Retaining clips 35 are configured to engage food pans in a toggle-like manner limiting downward movement and to free them upon exerting sufficient force in an upward direction to overcome the bias of the spring force between circumferentially spaced identical clips. However, other well-known arrangements may be used to accomplish the desired purpose.
Therefore upon upward movement of arm 52 after engagement with a pan 36, pan 36 is freed from the vertical stack and carried upward by the horizontal portion 53 of arm 52.
It should be pointed out that other means for conveying a food pan to the oven structure could be advantageously employed without departing from the present invention, including horizontal conveying means or a combination of horizontal and vertical conveying means using conventional means well-known to those skilled in the art.
Cooking compartment 30 preferably includes a loading station, an RF cooking station, an infra-red cooking station, and an unloading station. In order to properly and quickly cook a food product which must be browned or crisped on the outside, it must include at least one RF station to quickly heat and cook the product and an infra-red cooking station to brown or crisp the outside of the food product. Preferably, suitable exhaust fans or the like aligned with one or more openings, not shown, are provided in cooking compartment 30 to prevent the excessive build-up of heat within outer housing 20.
One advantage of having a separate loading and unloading station is to shorten the time for the total delivery of the cooked product between the time the customer actuates the apparatus and delivery of the cooked product to the customer particularly when a second order is placed closely following a prior order in an automatic vending apparatus. Another advantage relates to the more convenient implementation of handling and conveying the product through the heat component.
As best seen in FIG. 3, the four stations comprising the cooking chamber in a preferred embodiment of the present invention include a loading station, an RF cooking station, an infra-red cooking station and an unloading station, generally indicated at 64, 66, 68 and 70 respectively.
A second carousel-type rotary conveying means, in the form of a rotatably mounted platform or spider 72, is provided with open spaces or cut-outs, such as 74, which are conformed to accommodate entry of a food pan 36. The pan 36 is releasably fixed in cut-out 74 indexed to the loading station 64 via circumferentially spaced spring clips 76 essentially similar to clip 35 described earlier herein. That is, the outer lip 37 of a pan 36 rests upon or is biasly held between spaced, inwardly directed edges 78 of clips 76, but may be readily lifted free of the same edge in an upward direction. This configuration also permits the pan to be disposed in the desired position between the clips 76 from either a top or bottom entry direction.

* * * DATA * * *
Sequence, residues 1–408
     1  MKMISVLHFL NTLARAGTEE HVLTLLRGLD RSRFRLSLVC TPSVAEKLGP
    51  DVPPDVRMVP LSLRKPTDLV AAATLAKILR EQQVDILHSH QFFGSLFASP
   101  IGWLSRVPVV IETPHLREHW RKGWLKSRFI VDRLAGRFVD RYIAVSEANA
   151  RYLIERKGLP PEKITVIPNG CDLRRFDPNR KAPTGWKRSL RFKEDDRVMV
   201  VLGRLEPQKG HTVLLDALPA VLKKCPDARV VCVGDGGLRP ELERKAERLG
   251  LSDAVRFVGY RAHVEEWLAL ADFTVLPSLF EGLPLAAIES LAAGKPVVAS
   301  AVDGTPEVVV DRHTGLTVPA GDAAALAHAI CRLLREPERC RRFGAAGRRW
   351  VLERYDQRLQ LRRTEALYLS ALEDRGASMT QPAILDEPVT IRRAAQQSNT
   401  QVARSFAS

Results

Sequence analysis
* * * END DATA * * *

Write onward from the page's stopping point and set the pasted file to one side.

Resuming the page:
When actuated by the logic control circuit, a food pan 36 is lifted via the action of elevator means 38 as previously described, upwardly through an opening 61 vertically aligned with loading station 66 as door 67 is also actuated to slide to an open position at this time. Elevator means 38 is controlled to raise arm 52 and a pan 36 upwardly through opening 61 and cut-out 74 in spider 72 far enough such that the outer lip or rim 37 of pan 36 is disposed upon the inner edge 78 of clips 76. Elevator means 38 then is caused to lower arm 52 and return it to its original position wherein door 67 is closed and arm 52 is rotated ninety degrees to the right as seen in FIG. 3.
Spider 72 is then caused to rotate through a selected arc to dispose the food pan 36 loaded as described at loading station 64 to the RF heating station 66 defined as being in vertical alignment between a first electrode 80 and a lift member 82. Spider 72 may be indexed or caused to rotate by any suitable conventional means such as by a driven shaft 73 operated in a similar manner as described earlier for spider 32.
Once a pan 36 is so positioned in RF station 66, such as seen in FIGS. 2 and 4, lift member 82 is actuated to rise and engage pan 36 and carry pan 36 upwardly to a position such as shown in FIG. 5.
Electrode 80 is operatively connected to a suitable tuning circuit and suitable conventional RF power generator, indicated diagrammatically at 85, such as those widely known and commercially available to generate RF frequencies in the range typically employed for industrial heating purposes. A frequency range of between 10 mhz and 100 mhz would appear useful in accordance with the present invention. Frequencies of 13.56 mhz and multiples thereof are more preferred as those set aside for heating purposes by the FCC. A frequency of 27.12 has been very successfully used in tests according to the present invention and accomplish very good results relative to quickly cooking food products, such as pizza.
The RF power generator 85 may be conventionally mounted within the upper portion of housing 20 and operatively connected to conventional RF tuning components mounted within an enclosure 84. These tuning components include the suitable, conventional control circuitry and components which match the impedance of the load (the capacitor formed by the electrodes and food product as the dielectric material) to the impedance of the RF power generator to obtain the most efficient power transfer. Also, appropriate microprocessors may be usefully employed and programmed to automatically adjust the power output of RF generator, diagrammatically shown at 85, to produce energy appropriate to heat the food product carried in pan 36 in a conventional manner, well known to those skilled in the art. Such microprocessors are incorporated into a conventional electronic logic control circuit diagrammatically illustrated at 87, which coordinates and controls the necessary drive means to cause the conveyance of food pans 36 through each step of the operation as it is caused to move from the storage compartment 28 and through the cooking compartment 30 in a selected pre-programmed manner and the operation of both the RF and the infra-red heating components.